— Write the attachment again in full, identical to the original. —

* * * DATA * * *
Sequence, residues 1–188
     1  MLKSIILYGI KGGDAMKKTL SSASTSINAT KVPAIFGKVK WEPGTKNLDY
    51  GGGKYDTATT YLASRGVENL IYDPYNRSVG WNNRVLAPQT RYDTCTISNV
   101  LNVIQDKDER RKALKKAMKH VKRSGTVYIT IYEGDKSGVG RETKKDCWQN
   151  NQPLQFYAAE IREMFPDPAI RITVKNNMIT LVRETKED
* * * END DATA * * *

Sequence, residues 1–188
     1  MLKSIILYGI KGGDAMKKTL SSASTSINAT KVPAIFGKVK WEPGTKNLDY
    51  GGGKYDTATT YLASRGVENL IYDPYNRSVG WNNRVLAPQT RYDTCTISNV
   101  LNVIQDKDER RKALKKAMKH VKRSGTVYIT IYEGDKSGVG RETKKDCWQN
   151  NQPLQFYAAE IREMFPDPAI RITVKNNMIT LVRETKED